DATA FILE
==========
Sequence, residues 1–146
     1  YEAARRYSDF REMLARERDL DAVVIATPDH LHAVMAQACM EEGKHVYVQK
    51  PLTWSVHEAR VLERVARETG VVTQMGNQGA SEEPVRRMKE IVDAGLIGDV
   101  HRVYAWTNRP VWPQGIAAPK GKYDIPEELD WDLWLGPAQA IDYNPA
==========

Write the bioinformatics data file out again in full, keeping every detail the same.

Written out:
Sequence, residues 1–146
     1  YEAARRYSDF REMLARERDL DAVVIATPDH LHAVMAQACM EEGKHVYVQK
    51  PLTWSVHEAR VLERVARETG VVTQMGNQGA SEEPVRRMKE IVDAGLIGDV
   101  HRVYAWTNRP VWPQGIAAPK GKYDIPEELD WDLWLGPAQA IDYNPA